Chocolates mean uncertainty? Not to my way of thinking. I associate a box of chocolates with choice: everybody is looking for something different. And there’s an investment lesson in there, if you look closely.
Let’s deal with the chocolate thing first. When I was growing up, one Christmas tradition in my family–as in many British families – was to buy a big tin of chocolates (like the one in the image above) that lasted throughout the holiday season.
You’ll note that the chocolates are individually wrapped in very distinctive wrappers, so it’s easy to remember which is which. Just about every British person can tell you that the round yellow thing is a toffee penny, the big purple one has a hazelnut in it, and so on.
So when Forrest Gump uttered his famous line in the 1994 movie that “My momma always said, ‘Life was like a box of chocolates. You never know what you’re gonna get’,” there was a whole nation–sixty million of us–whose response was that his momma was wrong; everybody knows exactly what they’re going to get. And if you’re not sure, then you just consult the handy little guide they put in every tin.
That’s why, for me, there’s no uncertainty in chocolate.
What there is, though, is favorites. Tastes differ. Everyone is looking for something different.
Investment is like a box of chocolates
Investors, too, are all looking for something different. And understanding those differences can open up some valuable opportunities.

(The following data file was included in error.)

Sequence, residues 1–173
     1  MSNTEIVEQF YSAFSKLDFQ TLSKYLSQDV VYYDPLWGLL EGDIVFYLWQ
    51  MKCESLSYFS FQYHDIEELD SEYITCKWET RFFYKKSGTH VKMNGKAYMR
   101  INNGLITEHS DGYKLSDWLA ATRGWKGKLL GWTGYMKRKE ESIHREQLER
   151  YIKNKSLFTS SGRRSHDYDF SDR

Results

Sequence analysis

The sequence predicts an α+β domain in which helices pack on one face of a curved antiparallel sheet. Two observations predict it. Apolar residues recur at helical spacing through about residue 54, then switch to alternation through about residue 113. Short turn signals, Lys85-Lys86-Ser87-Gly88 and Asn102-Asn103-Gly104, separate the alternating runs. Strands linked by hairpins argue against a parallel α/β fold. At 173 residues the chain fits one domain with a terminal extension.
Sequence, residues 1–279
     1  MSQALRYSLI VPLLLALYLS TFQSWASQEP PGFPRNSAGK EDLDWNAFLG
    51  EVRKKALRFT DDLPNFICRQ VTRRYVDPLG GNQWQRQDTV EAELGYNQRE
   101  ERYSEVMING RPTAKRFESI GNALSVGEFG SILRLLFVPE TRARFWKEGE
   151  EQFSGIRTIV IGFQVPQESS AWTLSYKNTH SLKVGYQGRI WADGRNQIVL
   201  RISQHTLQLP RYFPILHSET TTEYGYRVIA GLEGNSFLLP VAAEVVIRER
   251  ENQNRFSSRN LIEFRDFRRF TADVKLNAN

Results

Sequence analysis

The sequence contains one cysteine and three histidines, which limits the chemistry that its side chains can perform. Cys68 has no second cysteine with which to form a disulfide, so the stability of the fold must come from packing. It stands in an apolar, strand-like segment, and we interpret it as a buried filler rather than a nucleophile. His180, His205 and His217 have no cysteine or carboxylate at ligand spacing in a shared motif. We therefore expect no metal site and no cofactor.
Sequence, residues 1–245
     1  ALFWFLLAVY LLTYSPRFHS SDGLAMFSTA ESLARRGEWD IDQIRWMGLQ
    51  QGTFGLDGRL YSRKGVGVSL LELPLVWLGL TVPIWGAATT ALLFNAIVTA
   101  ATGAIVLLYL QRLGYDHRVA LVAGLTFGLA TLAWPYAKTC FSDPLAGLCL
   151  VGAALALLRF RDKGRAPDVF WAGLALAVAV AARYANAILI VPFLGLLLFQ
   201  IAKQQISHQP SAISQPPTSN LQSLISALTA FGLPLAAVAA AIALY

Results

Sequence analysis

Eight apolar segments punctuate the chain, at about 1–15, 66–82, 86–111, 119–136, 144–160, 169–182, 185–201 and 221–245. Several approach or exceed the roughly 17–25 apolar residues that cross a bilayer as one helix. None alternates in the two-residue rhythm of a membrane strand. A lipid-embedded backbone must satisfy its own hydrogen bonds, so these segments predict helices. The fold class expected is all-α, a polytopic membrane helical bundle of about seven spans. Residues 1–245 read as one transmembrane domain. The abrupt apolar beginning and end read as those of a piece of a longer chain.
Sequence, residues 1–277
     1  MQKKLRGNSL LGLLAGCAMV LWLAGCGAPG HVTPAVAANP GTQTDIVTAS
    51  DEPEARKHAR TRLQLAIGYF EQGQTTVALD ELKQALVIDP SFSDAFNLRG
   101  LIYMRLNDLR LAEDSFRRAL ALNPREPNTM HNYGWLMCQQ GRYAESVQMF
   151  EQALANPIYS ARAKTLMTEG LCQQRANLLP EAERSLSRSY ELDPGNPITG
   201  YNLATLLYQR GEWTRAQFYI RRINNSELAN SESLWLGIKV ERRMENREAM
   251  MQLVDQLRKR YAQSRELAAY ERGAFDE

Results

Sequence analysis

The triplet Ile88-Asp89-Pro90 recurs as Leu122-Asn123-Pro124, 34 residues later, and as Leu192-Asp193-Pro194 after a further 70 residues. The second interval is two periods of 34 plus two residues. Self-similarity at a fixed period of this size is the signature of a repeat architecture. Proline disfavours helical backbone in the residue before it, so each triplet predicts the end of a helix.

Investors do not all have the same circumstances. And the more clearly you understand what you are looking for, the more successful you are likely to be. That’s because investment differences transform a zero–sum game (which is the nature of a lot of investment activity) into a non–zero–sum game.
It’s just like the chocolates. In my family, the most popular chocolate was the vanilla fudge. Those rarely survived past the first few days so if you wanted your fair share of them, you needed to be quick. The coconut éclair, however, was a different matter. Nobody else in my family liked the coconut éclair. But I did, and that was terrific; I knew that if I didn’t eat it immediately, it would still be there at the end with the last of the coffee creams and the universally unloved peanut cracknel.
The coconut éclair situation was a good situation for me, and it came about because I knew what I was looking for.
Similarly, when we can identify investment choices where we’re looking for something different than other investors, it’s generally a good situation. Not every investment is a vanilla fudge that we all place the same value on–the coconut éclairs are out there, too: in a previous blog post I listed seven examples of situations where investor differences may have created a non-zero-sum game.
These situations offer ways to invest better without having to be smarter than a whole range of other investors who are trying to do exactly the same thing you are doing. This is not about market inefficiency. It’s not about the mispricing of assets. Like when you’re selecting a (British) chocolate, it just needs you to know what you are looking for.
A chocolatey afterthought
I received an extra lesson (about change) a few years later when I took a tin of chocolates to work to share with my co-workers, many of whom turned out to have a taste for coconut éclairs. For a brief moment, I was thrown, but I soon learned to adapt my selection tactics. If the demand for chocolates can change, investment market dynamics certainly can too.